among the range of genetic variants available. But, no
population contains the full range of genetic variation that
might exist, so the range of genetic variants might be
limited.
 Organisms come to match their environments by being ‘the
fittest available’ or ‘the fittest yet’; they are not ‘the best
imaginable’.
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Proximate and Ultimate explanations
 A proximate explanation is the immediate cause of
a phenomenon.
It explains how a trait operates or is regulated.
 An ultimate explanation provides more general
reasons, involving evolutionary arguments and
adaptations. Ultimate explanations are remote in
time and space.
It explains why a trait exists.
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Why Natural Selection Cannot Fashion Perfect
Organisms
1. Selection can act only on existing
variations.
2. Evolution is limited by historical
constraints.
3. Adaptations are often compromises.
4. Chance, natural selection, and the
environment interact.
Natural selection operates on a “better than” basis.
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Why Natural Selection Cannot Fashion Perfect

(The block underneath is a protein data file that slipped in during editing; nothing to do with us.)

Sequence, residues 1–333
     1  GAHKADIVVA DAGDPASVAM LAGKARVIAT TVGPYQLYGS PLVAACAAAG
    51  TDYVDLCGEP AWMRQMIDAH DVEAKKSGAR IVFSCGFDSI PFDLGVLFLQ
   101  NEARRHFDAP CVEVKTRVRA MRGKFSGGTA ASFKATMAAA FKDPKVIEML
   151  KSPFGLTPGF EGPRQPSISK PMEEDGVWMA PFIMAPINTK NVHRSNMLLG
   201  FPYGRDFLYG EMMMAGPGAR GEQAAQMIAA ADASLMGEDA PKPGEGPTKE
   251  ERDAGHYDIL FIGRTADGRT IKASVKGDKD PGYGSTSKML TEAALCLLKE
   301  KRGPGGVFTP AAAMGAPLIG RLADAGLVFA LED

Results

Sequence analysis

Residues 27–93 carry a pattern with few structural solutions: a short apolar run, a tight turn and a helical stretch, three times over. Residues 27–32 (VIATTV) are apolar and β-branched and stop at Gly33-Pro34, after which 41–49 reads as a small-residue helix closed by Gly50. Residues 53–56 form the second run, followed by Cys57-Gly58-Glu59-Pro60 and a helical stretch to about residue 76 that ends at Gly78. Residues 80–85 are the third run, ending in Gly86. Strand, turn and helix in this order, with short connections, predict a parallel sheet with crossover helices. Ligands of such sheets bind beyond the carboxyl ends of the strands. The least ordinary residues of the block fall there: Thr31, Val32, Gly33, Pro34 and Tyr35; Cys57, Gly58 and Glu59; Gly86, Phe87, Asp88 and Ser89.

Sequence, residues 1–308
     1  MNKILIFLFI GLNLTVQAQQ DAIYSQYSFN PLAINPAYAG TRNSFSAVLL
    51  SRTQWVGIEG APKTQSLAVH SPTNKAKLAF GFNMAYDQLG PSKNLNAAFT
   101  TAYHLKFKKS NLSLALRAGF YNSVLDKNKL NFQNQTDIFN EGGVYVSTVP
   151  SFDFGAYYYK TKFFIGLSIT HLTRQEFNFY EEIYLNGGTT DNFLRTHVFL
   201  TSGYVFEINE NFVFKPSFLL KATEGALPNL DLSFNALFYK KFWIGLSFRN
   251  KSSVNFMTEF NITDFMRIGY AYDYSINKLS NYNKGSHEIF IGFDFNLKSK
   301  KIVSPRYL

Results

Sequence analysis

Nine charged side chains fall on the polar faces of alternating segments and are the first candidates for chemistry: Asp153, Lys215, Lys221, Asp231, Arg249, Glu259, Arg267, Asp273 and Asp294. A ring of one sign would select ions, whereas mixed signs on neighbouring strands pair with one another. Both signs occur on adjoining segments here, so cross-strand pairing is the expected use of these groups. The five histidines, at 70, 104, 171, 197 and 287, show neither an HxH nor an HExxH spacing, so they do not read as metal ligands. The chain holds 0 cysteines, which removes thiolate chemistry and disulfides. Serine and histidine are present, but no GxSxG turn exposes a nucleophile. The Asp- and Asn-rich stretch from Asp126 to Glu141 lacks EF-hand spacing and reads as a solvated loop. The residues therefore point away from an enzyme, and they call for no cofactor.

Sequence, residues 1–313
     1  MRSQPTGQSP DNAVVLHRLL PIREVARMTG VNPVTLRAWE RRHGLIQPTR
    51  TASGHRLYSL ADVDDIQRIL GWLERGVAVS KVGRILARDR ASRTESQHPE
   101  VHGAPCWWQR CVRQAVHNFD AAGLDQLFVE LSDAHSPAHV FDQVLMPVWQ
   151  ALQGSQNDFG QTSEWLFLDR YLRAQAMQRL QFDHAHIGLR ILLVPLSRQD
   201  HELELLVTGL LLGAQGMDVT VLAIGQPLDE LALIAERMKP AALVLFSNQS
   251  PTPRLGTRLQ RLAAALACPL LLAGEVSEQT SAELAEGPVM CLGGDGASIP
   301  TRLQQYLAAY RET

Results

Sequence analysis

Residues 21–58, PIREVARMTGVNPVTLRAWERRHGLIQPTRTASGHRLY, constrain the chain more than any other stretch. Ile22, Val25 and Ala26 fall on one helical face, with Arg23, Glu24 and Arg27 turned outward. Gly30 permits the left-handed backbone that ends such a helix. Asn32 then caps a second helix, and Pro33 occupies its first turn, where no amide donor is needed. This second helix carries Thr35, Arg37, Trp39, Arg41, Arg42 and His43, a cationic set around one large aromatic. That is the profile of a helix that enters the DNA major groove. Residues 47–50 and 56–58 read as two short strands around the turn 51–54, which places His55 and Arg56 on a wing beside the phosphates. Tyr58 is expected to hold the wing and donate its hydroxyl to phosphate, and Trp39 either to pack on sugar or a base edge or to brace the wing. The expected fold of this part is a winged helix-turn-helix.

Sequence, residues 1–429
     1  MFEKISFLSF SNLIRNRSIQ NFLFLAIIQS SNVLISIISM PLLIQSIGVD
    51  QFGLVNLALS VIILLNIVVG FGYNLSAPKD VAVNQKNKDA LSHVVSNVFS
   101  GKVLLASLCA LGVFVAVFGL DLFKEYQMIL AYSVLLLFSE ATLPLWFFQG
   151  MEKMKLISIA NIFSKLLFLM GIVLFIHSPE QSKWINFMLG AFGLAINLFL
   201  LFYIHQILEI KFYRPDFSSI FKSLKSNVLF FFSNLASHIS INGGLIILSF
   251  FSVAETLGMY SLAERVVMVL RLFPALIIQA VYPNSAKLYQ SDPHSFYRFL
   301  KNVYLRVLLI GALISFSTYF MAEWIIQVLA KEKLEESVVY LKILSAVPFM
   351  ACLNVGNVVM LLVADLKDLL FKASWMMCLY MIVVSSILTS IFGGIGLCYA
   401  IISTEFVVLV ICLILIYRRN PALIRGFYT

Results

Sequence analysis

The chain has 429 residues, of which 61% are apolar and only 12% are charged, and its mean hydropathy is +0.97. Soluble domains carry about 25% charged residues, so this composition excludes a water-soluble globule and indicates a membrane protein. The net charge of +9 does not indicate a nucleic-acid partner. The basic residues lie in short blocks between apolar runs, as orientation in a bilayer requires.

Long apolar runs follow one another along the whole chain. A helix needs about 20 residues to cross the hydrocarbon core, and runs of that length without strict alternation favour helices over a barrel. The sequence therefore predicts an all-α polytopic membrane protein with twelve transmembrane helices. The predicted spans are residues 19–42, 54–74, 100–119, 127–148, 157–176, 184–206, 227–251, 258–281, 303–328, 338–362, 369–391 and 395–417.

Organisms – Historical Factors
 Organisms live where they do for reasons that are often, at least
in part, accidents of history.
 Moreover, they have lived in environments that were quite
different from the present: some of the features that they
acquired in other environments now hang like millstones around
their necks.
 These characters that they have acquired limit and constrain
where they can now live and what they do.
 These characters can also constrain how these organisms
respond to additional changes in their environment.
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Why Natural Selection Cannot Fashion Perfect
Organisms – Historical Factors
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Activity - Hardy-Weinberg
Peppered moth, Biston betularia
(B. Kettlewell, 1959)